Four more lawsuits were announced Monday in the deadly Conception dive boat fire off the Ventura County coast in California, alleging that ion lithium battery charging stations were to blame.
The litigation was announced at a morning news conference at the Los Angeles office of the law firm Panish, Shea & Boyle. The firm teamed up with maritime lawyers from Philadelphia-based Saltz, Mongeluzzi, Barrett & Bendesky.
“Today, we have filed claims on behalf of four of the victims who were killed in this terrible tragedy. They are Allie Kurtz, Yulia Krashennaya, Kaustbh Nirmal and Sanjeeri Deopujari. Their families have asked us to do two things: to find out what happened and to make sure it never happens again," said Robert Mongeluzzi, the Philadelphia firm's founder.
The claims allege the boat fire started in or near the galley, which is where ion lithium battery charging strips would have been.
Attorneys have not been able to look at any evidence of the boat fire because the vessel is in the possession of the National Transportation Safety Board.
The attorneys pointed to news reports regarding a fire aboard Vision, a vessel similar to Conception, a year earlier. That fire reportedly involved an overcharged cellphone, they said. The blaze was caught quickly and the device was thrown overboard, said Jeffrey Goodman, a partner in the Philadelphia firm.
The blaze was not reported to the U.S. Coast Guard, Goodman said. If a fire causes at least $75,000 in damage, it must be reported to the Coast Guard, he said. A cellphone wouldn't have cost that much, he said.
The lawsuits were filed in U.S. District Court for the Central District of California.
The Conception was out for a Labor Day weekend diving trip off Santa Cruz Island when a fire broke out before dawn Sept. 2. Of the 39 people on board, five survived, all crew members. One crew member and 33 passengers died in the fire.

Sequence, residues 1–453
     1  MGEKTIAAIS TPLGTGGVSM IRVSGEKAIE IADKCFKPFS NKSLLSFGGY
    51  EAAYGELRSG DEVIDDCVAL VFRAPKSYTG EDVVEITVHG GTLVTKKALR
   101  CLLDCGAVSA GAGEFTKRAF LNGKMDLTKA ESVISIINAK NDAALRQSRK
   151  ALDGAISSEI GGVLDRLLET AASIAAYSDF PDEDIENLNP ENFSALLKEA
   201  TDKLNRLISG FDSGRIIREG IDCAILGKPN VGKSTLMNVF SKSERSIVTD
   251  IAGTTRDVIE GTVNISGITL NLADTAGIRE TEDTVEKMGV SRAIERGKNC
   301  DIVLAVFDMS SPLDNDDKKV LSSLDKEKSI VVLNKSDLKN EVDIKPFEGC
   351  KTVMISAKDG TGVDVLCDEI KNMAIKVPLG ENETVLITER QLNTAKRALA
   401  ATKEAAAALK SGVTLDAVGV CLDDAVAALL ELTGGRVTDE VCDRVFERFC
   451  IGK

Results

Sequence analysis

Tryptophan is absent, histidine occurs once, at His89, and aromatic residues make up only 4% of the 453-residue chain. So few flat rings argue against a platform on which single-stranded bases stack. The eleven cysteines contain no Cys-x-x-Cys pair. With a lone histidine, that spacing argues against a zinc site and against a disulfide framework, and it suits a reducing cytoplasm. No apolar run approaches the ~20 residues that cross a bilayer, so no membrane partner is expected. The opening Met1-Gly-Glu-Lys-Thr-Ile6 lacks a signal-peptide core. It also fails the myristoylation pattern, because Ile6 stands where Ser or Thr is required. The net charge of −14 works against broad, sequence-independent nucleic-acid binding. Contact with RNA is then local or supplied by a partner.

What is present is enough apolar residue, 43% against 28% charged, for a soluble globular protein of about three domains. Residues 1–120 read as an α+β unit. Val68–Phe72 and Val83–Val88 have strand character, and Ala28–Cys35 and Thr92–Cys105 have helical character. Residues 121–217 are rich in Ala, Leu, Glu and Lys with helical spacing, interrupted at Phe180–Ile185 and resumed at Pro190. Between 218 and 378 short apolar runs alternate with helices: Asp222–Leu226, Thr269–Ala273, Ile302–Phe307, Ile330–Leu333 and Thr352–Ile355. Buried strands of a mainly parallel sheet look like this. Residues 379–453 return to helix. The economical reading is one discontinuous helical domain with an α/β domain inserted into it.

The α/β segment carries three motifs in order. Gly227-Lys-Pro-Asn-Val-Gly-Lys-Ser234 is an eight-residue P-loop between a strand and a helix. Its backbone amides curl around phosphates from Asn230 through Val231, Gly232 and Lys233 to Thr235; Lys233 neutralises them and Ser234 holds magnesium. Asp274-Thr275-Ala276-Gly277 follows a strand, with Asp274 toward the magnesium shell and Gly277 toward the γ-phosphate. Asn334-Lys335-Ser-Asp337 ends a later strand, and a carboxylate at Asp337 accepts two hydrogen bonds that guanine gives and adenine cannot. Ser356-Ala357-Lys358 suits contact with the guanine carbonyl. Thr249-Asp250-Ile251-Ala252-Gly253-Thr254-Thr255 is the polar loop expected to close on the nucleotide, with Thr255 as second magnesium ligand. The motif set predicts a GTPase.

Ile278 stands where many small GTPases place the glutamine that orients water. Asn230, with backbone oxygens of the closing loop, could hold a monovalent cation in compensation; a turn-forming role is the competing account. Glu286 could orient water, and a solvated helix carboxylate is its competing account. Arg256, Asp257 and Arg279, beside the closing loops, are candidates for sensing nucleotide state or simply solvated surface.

All six crew members and the 33 passengers were asleep when the blaze broke out, according to a preliminary report from the NTSB. The report did not say what caused the fire. The agency is one of several investigating the incident.
Authorities with the U.S. Coast Guard said the Conception was required to have one crew member awake and designated as roving patrol when the passengers' bunks were occupied.
Attorneys spoke with prior captains of the Conception and others who ventured aboard the boat, Mongeluzzi said. Their statements show a pattern of the Conception not having a required roving patrol, he said.
"This has become more important over the last decade as electronic devices on ships have proliferated, much like on planes," Mongeluzzi said.
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He said the airplane industry has done a good job at addressing technological advances with their charging stations. Mongeluzzi said the maritime industry has failed to keep up with technology.
The Conception was owned by Truth Aquatics and operated out of Santa Barbara Harbor, where a makeshift memorial sprang up after the deadly fire.
Three days after the blaze broke out, attorneys for Truth Aquatics, owner Glen Fritzler and his wife, Dana, filed a petition in federal court seeking to fend off any civil actions. It cited an 1851 maritime law that could limit their liability.
"In order to escape liability, they have to prove that the vessel wasn't unseaworthy and they did not have foreknowledge of what could occur," Mongeluzzi said. "We will demolish their limitation liability action and defenses and hold them accountable on behalf of these victims."
Monday's litigation was filed in response to the Truth Aquatics petition.
The widow of a passenger and a crew member who broke his leg getting to safety filed similar claims challenging the liability petition.
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Russell Brown, attorney for Truth Aquatics, did not comment on the new litigation Monday. Brown, a lawyer with the Gordon & Rees firm, said he had not received the filings.
Conception was one of three vessels owned by Truth Aquatics. Operations on the two others, Vision and Truth, were suspended about a month after the Conception burned and sank.
Federal investigators toured the Vision days after the disaster to get an idea of what might have happened.
Federal law required Conception to have two egress routes for the bunks below deck, Goodman said. Unfortunately, he said, both led to the galley.
One of those routes was a hatch above a bunk, Mongeluzzi said.
"It is a ridiculous avenue of possible escape," Mongeluzzi said.
Follow Megan Diskin on Twitter: @megandiskin
This article originally appeared on Ventura County Star: Conception boat fire lawsuits blame charging stations